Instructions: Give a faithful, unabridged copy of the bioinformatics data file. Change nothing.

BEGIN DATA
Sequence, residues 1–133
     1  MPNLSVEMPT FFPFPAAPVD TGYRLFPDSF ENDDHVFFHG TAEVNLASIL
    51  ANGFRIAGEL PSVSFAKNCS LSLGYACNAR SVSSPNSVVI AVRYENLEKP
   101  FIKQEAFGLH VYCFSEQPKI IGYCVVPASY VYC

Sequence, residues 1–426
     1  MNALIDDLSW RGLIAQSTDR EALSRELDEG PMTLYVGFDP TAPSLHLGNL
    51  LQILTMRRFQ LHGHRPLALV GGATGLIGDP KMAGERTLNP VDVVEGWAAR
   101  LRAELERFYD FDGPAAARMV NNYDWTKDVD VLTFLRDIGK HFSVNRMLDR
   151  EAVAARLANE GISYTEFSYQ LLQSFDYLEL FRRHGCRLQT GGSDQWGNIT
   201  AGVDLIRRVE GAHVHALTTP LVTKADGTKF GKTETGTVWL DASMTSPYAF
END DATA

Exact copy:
Sequence, residues 1–133
     1  MPNLSVEMPT FFPFPAAPVD TGYRLFPDSF ENDDHVFFHG TAEVNLASIL
    51  ANGFRIAGEL PSVSFAKNCS LSLGYACNAR SVSSPNSVVI AVRYENLEKP
   101  FIKQEAFGLH VYCFSEQPKI IGYCVVPASY VYC

Sequence, residues 1–426
     1  MNALIDDLSW RGLIAQSTDR EALSRELDEG PMTLYVGFDP TAPSLHLGNL
    51  LQILTMRRFQ LHGHRPLALV GGATGLIGDP KMAGERTLNP VDVVEGWAAR
   101  LRAELERFYD FDGPAAARMV NNYDWTKDVD VLTFLRDIGK HFSVNRMLDR
   151  EAVAARLANE GISYTEFSYQ LLQSFDYLEL FRRHGCRLQT GGSDQWGNIT
   201  AGVDLIRRVE GAHVHALTTP LVTKADGTKF GKTETGTVWL DASMTSPYAF